The Admiral Hipper was one of the German Kriegsmarine’s main surface combatants and a very real threat to the convoys. However, on the 31st December the Admiral Hipper along with another cruiser and six destroyers attacked the convoy JW 51B heading north for Russia. In what became known as the Battle of the Barents Sea the German force faced disaster in the face of a potent British escort force who used superior tactics to circumvent the German’s superior firepower. The Germans lost one cruiser and one destroyer with the remaining force, including Admiral Hipper, being made to scatter and retreat. Unknown to British intelligence or the crew of the Graph Hitler had been so infuriated by the disaster that it effectively meant the end of any real attempt to attack convoys by surface vessels and priority was soon given to the U-Boats. Nevertheless, at 1am on the 1st January 1943 Marriott spied the menacing silhouette of the Admiral Hipper and prepared his attack. Frustration would once again curse the Graph as Marriott realized the Admiral Hipper was too far off and travelling too fast for any chance of a successful attack.

Unable to pursue, the Graph lost contact but as though fortune was smiling on them they suddenly ran in to two of the German destroyers that had taken part in the attack. While Admiral Hipper was relying on her great speed for protection the two destroyers were relying on their manoeuvrability and were zig-zagging; a common tactic to make a ship difficult to attack with a torpedo. At 4:23am, Marriott ordered the Graph to close within 7,000 yards of the two ships and prepared a spread of four torpedoes in a wide pattern in order to counter the defensive pattern the destroyers were taking. The torpedoes fired and after a few moments a loud explosion was heard through the hydrophones indicating a hit. The Graph then retreated from the area fearing depth charge attack from whichever destroyer hadn’t been hit. History would prove cruel twice to the crew of the Graph as again post war records proved that all four torpedoes missed their targets and the explosion must have been caused by a torpedo hitting rocks or malfunctioning.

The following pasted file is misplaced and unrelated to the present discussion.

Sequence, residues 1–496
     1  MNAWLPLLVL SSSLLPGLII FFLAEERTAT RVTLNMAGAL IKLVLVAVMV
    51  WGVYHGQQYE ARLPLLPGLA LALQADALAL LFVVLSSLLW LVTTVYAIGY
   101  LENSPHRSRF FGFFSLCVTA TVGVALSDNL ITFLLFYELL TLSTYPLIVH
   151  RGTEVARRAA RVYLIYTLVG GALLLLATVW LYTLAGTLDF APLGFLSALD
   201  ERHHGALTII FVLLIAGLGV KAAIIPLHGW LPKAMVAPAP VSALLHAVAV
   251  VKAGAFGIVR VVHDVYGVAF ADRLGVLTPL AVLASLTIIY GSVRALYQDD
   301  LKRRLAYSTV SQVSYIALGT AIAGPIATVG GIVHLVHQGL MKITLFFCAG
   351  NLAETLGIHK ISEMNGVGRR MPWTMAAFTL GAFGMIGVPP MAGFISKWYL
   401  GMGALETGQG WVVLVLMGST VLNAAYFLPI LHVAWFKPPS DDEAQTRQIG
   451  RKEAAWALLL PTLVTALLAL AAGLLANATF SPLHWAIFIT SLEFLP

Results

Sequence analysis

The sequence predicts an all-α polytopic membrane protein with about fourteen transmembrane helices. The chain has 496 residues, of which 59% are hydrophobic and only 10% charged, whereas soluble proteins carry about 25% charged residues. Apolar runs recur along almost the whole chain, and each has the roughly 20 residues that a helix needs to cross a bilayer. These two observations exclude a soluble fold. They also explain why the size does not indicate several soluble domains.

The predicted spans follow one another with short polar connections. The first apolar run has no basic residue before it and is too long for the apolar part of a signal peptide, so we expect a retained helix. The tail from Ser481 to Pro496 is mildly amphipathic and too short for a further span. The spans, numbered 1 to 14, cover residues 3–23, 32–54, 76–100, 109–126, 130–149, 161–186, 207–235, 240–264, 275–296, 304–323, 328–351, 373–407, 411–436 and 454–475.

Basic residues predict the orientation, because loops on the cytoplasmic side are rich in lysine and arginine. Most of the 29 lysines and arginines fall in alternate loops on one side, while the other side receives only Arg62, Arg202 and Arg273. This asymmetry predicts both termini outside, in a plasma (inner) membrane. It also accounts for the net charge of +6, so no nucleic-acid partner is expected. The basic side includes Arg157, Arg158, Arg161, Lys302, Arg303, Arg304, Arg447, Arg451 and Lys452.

HMS Graph returned to port on the 13th January. Her engineering log showed that she was beginning to look in poor shape as a number of breakdowns from a lack of spare parts was beginning to blight the vessel. It was therefore decided to take her off the frontlines to spend her last days as a target for air and surface battery crews to train their weapons on. Shortly after decommissioning in February 1944 she was taken undertow for scrapping on the River Clyde but during gale force winds her tow rope snapped and she was blown aground near Coul Point, Scotland. She was never recovered and broken up for scrap in situ over the following 20 years but some of it remains even today.

The legacy of U-570/HMS Graph lays in revealing to the Allies how much more sophisticated the German submarines were and how they could improve their detection methods. This went a long way to helping the Allies finally defeat the Germans in the Battle of the Atlantic.